His gangster filmsbecame widely popular both within Hong Kong and internationally. Hard Boiledwas not only a critical and financial success, it was in fact created as aportfolio piece by Woo to court Hollywood executives. Woo™s Hong Kong gangsterfilms were more than just shoot-?em-up bloodbaths. Unlike most of Hollywood™saction heroes, Woo™s characters are more three-dimensional, thereby creating ahyper-realistic persona. The antagonist and protagonist in a Woo film willtypically have an intertwined relationship that goes beyond the usualantagonist/protagonist relationship of the genre.
He does this in order toemphasize his core themes of loyalty, friendship and honor. These themes couldnot be fleshed out without the audience understanding the complexity of thecharacters. In The Killer (1989) the assassin Jeff (ChowYun-fat) and the cop Eagle (Danny Lee) have many a conversation and end upbecoming friends in the end. Each is bound by duty and honor to fulfill hisobligation, but that does not stop him from doing what is right. Eagle stilltries to arrest Jeff.
Jeff, on the other hand goes out of his way, risking hisfreedom and even his life to help the innocents that have been accidentallyhurt by his violent actions. In his later Hollywood films, the closeness of theprotagonist and the antagonist is even more pronounced when he goes beyond anintertwined relationship to an intertwined history, fractured by betrayal.Broken Arrow (1996) and Mission: Impossible II (2000) have the main charactersat one time working on the same governmental agencies.
The antagonist typicallybegins as a good guy who has gone bad. In Broken Arrow, Major Vic Deakens (JohnTravolta) and Captain Riley Hale (Christian Slater) are B-3 pilots. Deakenssteals a nuclear weapon and it is up to Hale to stop him. Although the plot isweak, Woo™s style is clearly evident in many of the action scenes. In a boxingmatch at the start of the film, Woo utilizes the editing style for which he hasbecome famous. This match ends with Deakens beating Hale, setting up thereprisal of the fight at the climax of the film; the final showdown between thetwo. The film ends with Hale heroically saving thecountry by preventing Deakens from detonating the nuclear weapon.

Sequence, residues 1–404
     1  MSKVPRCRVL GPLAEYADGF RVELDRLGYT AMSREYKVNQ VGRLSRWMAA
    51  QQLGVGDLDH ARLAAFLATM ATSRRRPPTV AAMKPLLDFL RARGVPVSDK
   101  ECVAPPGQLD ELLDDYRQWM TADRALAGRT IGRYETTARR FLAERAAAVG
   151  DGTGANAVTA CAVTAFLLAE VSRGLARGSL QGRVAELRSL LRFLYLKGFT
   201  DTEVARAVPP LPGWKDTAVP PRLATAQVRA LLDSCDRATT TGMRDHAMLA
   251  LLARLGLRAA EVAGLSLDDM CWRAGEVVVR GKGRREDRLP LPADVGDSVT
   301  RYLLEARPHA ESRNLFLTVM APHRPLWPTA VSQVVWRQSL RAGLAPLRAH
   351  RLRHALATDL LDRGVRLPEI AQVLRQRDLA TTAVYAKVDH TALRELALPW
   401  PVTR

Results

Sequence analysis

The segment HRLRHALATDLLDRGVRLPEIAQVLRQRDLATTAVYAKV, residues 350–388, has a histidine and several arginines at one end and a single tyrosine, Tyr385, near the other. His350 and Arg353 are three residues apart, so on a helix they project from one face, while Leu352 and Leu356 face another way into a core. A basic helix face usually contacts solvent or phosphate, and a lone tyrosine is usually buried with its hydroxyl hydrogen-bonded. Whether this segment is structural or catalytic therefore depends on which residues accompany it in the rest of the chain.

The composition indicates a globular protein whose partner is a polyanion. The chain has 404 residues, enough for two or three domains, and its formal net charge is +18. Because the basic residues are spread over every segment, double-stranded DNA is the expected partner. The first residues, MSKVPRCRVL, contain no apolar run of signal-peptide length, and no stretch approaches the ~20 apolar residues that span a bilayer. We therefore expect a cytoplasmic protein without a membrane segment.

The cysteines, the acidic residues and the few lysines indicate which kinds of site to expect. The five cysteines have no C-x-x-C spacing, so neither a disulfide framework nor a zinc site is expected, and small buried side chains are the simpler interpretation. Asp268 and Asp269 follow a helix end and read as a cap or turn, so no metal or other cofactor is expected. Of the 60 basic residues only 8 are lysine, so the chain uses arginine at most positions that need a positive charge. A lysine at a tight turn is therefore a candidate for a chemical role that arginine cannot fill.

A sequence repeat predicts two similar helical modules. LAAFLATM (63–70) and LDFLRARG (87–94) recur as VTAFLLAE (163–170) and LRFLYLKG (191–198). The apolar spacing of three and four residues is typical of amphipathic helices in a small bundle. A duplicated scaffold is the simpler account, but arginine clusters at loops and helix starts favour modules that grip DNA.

The finalconfrontation comes to fisticuffs, echoing the beginning of the film. Deakensis finally killed, crushed by the bomb he intended to hold the nation hostagewith. Fight scenes such as these occur in many films, however Woo™s signatureslow motion and guns literally flying through the air give the action sequenceshere a feel that is distinctly ?WoIn Face/Off (1997) the screenplay and Woo™sstyle are linked in a way that makes this the ultimate Woo movie produced inAmerica. From his early action films in Hong Kong, Woo has always shown us theintertwined history and/or relationship of the antagonist and protagonist. InFace/Off the main characters literally become intertwined, each taking on theother™s characteristics and faces. The sense of honor and duty is so strong inthe protagonist FBI agent Sean Archer (John Travolta), he willingly undergoessurgery in which his own face is removed and replaced with that of his worstenemy, Castor Troy (Nicholas Cage) in order to obtain necessary information. So closelymarried is the screenplay to the Woo style of direction that it is hard tomaintain the distinction of the two while watching this movie. In his mostrecent film, Mission: Impossible II (2000) the aspects of broken loyalties,gunplay, and aerial acrobatics are brought to the extreme.
Technology gives Woothe freedom to push his choreography to the extreme. Location, so important inHard Boiled, becomes secondary to the technology available to both thefilmmaker and the characters within the film. Woo has moved from colonial HongKong teahouse to an international stage in which any large urban area willsuffice for the plot of the movie.
John Woo has come full circle in the filmindustry. Growing up inHong Kong, he was a fan of western films. He especially enjoyed the works ofsuch directors as Stanley Kubrick, Sam Peckinpah, Martin Scorcese and others.He was also influenced by musicals like West Side Story (1961) and The Wizardof Oz (1939). Now, as an accomplished director in the east and the west, he isinfluencing a new generation of directors, such as Robert Rodriguez and QuentinTarantino.
Rodriguez pays homage to Woo in the barroom gunfight scenes inDesperado (1995) and Tarantino™s use of cross fading between Vincent (JohnTravolta) and Jules? (Samuel L. Jackson) faces while they pump a person full oflead in Pulp Fiction (1994) echoes Woo™s use of this technique in The Killer.Like all great artists, Woo™s impact is not only felt in the films that hehimself creates, but in the influence of his style and technique on the worksof others.-M